6. Schlesinger D., Pickart L., Thaler M.M. Growth modulating serum tripeptide is glycyl-histidyl-lysine. Experientia 1977; 33: 324-325

7. Pickart L., Downey D., Lovejoy S., Weinstein B. Gly-l-his-l-lys:copper(II) – A human plasma factor with superoxide dismutase-like and wound-healing properties, In: Superoxide and Superoxide Dismutase (Edit Rotilio, Elsevier, 1986) pp.555-558

8. Miller D.M., DeSilva D., Pickart L., Aust S.D. Effects of glycyl-histidyl-lysyl chelated Cu(II) on ferritin dependent lipid peroxidation. Adv Exp Med Biol 1990; 264: 79-84
9. Vinci C., Caltabiano V., Santoro A.M., Rabuazzo A.M., Buscema M., Purrello R., Rizzarelli E. Copper addition prevents the inhibitory effects of interleukin 1-beta on rat pancreatic islets. Diabetologia. 1995; 38:39-45

10. McCormack MC, Nowak KC, Koch RJ. The effect of copper tripeptide and tretinoin on growth factor production in a serum-free fibroblast model. Arch Facial Plast Surg 2001; 3:28-32

11. Maquart F.X., Pickart L., Laurent M., Gillery P., Monboisse J.C., Borel J.P. Stimulation of collagen synthesis in fibroblast cultures by the tripeptide-copper complex glycyl-L-histidyl-L-lysine-Cu2+. FEBS Lett. 238; 1988:343-346.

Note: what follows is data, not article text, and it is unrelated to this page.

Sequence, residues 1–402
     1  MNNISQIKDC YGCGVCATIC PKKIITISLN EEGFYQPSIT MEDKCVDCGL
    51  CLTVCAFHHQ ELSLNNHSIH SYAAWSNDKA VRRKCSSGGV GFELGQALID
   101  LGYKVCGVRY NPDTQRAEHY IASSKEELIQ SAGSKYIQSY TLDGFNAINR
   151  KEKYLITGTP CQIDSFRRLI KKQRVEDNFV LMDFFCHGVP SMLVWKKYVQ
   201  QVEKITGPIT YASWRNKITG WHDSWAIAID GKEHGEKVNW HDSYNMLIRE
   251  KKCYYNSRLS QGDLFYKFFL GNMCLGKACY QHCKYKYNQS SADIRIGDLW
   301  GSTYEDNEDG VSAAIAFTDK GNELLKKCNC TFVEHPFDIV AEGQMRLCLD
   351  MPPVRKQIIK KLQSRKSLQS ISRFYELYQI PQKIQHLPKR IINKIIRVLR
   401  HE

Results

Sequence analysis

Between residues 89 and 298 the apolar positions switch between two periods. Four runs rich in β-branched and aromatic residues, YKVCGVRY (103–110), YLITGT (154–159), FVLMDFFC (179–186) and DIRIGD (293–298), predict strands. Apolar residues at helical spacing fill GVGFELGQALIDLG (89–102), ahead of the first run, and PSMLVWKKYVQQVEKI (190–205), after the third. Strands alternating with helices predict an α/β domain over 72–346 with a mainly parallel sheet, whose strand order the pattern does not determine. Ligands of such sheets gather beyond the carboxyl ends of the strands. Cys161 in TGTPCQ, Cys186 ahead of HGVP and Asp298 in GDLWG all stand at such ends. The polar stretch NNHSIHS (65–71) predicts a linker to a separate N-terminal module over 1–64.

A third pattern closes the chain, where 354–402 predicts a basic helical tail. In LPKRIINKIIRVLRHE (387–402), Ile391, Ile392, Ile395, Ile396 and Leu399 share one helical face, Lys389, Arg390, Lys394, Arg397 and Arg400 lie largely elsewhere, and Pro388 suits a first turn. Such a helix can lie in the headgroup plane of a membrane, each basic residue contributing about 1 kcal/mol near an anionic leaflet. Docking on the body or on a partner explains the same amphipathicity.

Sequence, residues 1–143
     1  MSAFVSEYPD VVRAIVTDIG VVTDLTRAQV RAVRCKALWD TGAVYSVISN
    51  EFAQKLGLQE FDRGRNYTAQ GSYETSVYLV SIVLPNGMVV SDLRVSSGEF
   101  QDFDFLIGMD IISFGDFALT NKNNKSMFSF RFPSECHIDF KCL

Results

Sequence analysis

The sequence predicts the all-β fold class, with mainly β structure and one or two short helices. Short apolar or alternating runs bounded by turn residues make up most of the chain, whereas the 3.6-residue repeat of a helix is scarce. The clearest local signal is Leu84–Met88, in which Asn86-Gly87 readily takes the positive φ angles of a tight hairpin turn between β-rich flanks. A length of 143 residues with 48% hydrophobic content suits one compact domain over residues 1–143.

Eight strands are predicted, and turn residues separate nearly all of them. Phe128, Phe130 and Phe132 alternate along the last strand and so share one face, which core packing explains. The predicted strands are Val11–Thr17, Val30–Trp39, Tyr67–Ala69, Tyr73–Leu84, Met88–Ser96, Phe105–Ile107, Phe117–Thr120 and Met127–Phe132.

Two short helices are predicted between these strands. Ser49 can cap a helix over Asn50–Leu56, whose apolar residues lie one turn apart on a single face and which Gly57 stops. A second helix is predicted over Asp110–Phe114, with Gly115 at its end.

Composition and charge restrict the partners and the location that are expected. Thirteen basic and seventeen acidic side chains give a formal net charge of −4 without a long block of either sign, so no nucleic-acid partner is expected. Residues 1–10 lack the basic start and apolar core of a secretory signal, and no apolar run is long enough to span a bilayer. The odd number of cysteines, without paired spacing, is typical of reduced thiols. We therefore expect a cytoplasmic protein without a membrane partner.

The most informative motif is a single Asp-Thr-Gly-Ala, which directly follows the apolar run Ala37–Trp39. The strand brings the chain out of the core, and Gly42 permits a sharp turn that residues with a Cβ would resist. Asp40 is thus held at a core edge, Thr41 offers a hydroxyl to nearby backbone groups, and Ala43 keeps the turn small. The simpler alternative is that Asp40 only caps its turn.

12. Simeon A., Monier F. Emonard H., Gillery P., Birembaut P.. Hornebeck W., Maquart F.X. Expression and activation of matrix metalloproteinases in wounds: modulation by the tripeptide-copper complex glycyl-L-histidyl-L-lysine-Cu2+. J Invest Dermatol 1999; 12:957-964.

13. Simeon A., Wegrowski Y., Bontemps Y., Maquart F.X. Expression of glycosaminoglycans and small proteoglycans in wounds: modulation by the tripeptide-copper complex glycyl-L-histidyl-L-lysine-Cu(2+). J Invest Dermatol. 2000; 115:962-968.